You must be confused it seems, only the RAM quality matters, quantity doesn't matter in OCing. RAM frequency is what you look for when it comes to OCing as well as quality.
I second that. If you get bad quality RAM that states false frequency and timings, you'll get unstable OC (after you clock your RAMs at the specified frequency). How much RAM actually have nothing to do with how good you can OC. In fact, I would recommend only having 1 stick of RAM in the 1st DIM slot. This prevents BSODs caused by RAM or bad quality RAM. Since its less likely for RAM to fail to run at the stated freq/timings if only 1 RAM is in the mobo. (after you set it to the stated volts on the mobo, either 1.60v/1.65/1.66)
CPU: i7 930 @ 2.8GHz(Everyday)/3.6GHz(Gaming)/4.0GHz(Encoding)
GPU: Geforce GTX 480 @ 850MHz/1001MHz
Motherboard: ASUS P6X58D-E
RAM: 2x3 6GB OCZ @ 1527MHz 8-8-8-24
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#9
(09-09-2010, 05:18 AM)Butz_san Wrote: Yes, I know, I'm going to buy a Biostar Th55 and 2 GB of RAM DDR3 at 1333, I have $350 and that's the only kind of stuff that I can afford at the moment. I know, i3 and mainboard are too expensive here in Ecuador Sad. $162 the i3 and $123 the mainboard plus the RAM cost $70 Sad. The internal resolution doesn't bother me too much Smile

well i would suggest saving up some more money so you can add 2gb more of ram (having win 7 with only 2 gb is like killing them Tongue) but you can still add them later (just be sure you buy 1 2gb stick now so you can dual channel with 1 more later)

and you should better go for an i5 or i7 quad so you can see differences in other non pcsx2 related staff.

(09-09-2010, 06:07 AM)darkvirus Wrote: yes it is.. ram quantity is do required for oc.. since u have 4 gb u cant tell it.. cause ocing my e5400 to 3.5ghz required a 3gb of ram.. cause every time you oc your processor... it increase the frequency of the memory.. that will lead to bsod.. so you must retain your memory frequency as equal to the original frequency or not much high on the original frequency... why i know it.. cause ive been a member on a overclocking forum for a very long time..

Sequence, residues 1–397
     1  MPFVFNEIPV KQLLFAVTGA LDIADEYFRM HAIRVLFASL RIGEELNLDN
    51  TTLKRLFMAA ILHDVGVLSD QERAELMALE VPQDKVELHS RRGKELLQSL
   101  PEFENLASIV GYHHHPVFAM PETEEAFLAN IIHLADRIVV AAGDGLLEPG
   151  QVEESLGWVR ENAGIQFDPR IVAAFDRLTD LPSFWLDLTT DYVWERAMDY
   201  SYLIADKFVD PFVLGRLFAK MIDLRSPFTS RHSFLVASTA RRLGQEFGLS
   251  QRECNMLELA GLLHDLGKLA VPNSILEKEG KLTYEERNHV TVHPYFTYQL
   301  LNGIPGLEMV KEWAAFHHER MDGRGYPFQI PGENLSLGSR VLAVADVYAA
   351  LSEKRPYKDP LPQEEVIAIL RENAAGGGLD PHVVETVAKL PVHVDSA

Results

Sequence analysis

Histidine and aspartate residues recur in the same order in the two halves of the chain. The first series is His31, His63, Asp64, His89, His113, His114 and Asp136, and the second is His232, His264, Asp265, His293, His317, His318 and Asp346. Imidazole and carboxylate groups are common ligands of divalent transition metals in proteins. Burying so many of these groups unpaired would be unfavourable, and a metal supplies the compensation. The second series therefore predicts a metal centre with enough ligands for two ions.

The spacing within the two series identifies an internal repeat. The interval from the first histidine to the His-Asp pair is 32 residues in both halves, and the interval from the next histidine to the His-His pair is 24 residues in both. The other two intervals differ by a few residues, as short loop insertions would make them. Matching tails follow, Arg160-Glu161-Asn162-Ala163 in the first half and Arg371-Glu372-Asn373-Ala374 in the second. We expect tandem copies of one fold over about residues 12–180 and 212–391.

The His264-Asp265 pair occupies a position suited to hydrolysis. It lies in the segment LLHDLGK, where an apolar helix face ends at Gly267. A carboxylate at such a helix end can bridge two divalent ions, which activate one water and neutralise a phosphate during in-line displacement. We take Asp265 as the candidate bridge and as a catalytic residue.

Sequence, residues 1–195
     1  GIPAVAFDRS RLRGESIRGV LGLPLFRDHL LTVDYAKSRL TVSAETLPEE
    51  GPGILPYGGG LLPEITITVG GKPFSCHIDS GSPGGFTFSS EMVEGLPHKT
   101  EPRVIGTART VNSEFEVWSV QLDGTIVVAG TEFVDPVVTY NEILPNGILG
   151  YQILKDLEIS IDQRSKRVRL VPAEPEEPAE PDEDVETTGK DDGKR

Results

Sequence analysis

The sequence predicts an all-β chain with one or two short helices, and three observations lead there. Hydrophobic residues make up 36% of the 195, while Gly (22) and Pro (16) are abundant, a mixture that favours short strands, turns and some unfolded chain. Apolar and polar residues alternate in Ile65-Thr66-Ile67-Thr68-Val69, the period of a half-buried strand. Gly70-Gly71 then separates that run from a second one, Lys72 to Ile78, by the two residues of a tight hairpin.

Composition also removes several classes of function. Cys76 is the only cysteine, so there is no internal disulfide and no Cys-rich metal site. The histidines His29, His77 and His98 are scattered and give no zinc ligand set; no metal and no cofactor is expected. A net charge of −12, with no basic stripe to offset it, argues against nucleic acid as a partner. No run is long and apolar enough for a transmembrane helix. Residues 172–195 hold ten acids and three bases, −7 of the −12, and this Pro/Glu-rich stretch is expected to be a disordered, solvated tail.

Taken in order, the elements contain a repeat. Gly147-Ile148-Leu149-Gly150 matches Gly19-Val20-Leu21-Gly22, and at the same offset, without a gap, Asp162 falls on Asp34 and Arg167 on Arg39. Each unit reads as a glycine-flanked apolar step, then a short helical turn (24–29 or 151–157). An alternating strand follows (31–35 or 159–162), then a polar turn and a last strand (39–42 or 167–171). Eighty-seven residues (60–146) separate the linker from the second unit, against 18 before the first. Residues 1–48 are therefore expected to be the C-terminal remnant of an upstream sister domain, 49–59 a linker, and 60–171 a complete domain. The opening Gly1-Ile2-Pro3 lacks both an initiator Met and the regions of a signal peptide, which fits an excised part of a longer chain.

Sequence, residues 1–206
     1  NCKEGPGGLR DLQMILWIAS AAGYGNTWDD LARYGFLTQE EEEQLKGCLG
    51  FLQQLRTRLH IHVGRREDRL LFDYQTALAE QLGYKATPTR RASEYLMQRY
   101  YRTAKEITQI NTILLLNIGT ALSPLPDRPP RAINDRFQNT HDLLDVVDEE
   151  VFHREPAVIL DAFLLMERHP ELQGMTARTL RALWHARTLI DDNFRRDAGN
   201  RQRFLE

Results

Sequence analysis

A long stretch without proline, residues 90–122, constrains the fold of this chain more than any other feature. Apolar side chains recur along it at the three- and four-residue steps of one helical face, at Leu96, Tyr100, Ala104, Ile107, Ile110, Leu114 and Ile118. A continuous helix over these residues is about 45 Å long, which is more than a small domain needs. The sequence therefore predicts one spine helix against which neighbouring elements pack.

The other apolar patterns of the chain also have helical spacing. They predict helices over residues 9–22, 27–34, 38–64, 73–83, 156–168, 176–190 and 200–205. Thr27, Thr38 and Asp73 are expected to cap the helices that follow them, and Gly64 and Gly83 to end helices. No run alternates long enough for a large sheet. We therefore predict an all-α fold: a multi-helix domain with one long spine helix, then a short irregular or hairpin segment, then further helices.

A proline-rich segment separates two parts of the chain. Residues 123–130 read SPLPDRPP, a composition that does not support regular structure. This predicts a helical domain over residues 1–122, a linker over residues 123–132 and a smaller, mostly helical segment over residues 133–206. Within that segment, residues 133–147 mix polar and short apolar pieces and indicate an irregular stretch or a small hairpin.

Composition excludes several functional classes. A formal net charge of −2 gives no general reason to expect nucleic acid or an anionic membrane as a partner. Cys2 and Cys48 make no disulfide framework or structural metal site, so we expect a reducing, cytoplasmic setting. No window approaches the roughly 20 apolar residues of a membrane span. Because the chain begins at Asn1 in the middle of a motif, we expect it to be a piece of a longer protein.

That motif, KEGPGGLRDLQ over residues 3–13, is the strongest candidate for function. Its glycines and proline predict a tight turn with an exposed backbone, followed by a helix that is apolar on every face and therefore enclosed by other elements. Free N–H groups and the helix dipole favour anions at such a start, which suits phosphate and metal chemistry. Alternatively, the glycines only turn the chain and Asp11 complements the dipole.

being in a forum doesnt actually means you get the right knowledge (and thats how it seems with what you say) its better to search for many sources of information cause there are many ppl that are wrong! ram quantity doesnt matter at all, you can OC even with a 128mb stick Tongue, what it matters is the quality of the ram and if it was made for overclocking and staff like that
OS: Win 7 Ultimate x64 sp1, MoBo: Asus P5QD Turbo, CPU: Q6600 @ 3,0Ghz, RAM: Trancend 2x2gb 6-6-6-18 800 MHz, GPU: HD 4850 1gb.
Pcsx2: Always Latest
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#10
(09-09-2010, 01:04 PM)iakoboss7 Wrote: well i would suggest saving up some more money so you can add 2gb more of ram (having win 7 with only 2 gb is like killing them Tongue) but you can still add them later (just be sure you buy 1 2gb stick now so you can dual channel with 1 more later)

and you should better go for an i5 or i7 quad so you can see differences in other non pcsx2 related staff.

+1. Nowadays, you really do want to go with 4GB. If you're really that tight on budget, you're better off getting 1x2GB stick rather than 2x1GB sticks. The performance difference from single channel to dual channel isn't really all that high. Lynnfield really is a much better option than Clarkdale but given your budget just give it a pass for now.

(09-09-2010, 01:04 PM)iakoboss7 Wrote: being in a forum doesnt actually means you get the right knowledge (and thats how it seems with what you say) its better to search for many sources of information cause there are many ppl that are wrong! ram quantity doesnt matter at all, you can OC even with a 128mb stick Tongue, what it matters is the quality of the ram and if it was made for overclocking and stuff like that

Yup. Quality and speed matters more when it comes to overclocking. General system performance and responsiveness, though, I'd take more RAM than faster RAM.

Other thoughts:
Standard DDR3 voltage is 1.50V. Intel's datasheet specifies a tolerance of 10% meaning you can go up to 1.65V. Given the budget constraints, I recommend going with value RAM at standard voltage (e.g. Kingston, Crucial, Corsair) rather than go with already overclocked high performance/gaming memory. A side benefit to using standard memory is they're pretty much guaranteed to work on any motherboard (barring DOA or faulty modules). Some motherboards/BIOS tend to be finicky when paired with high performance RAM.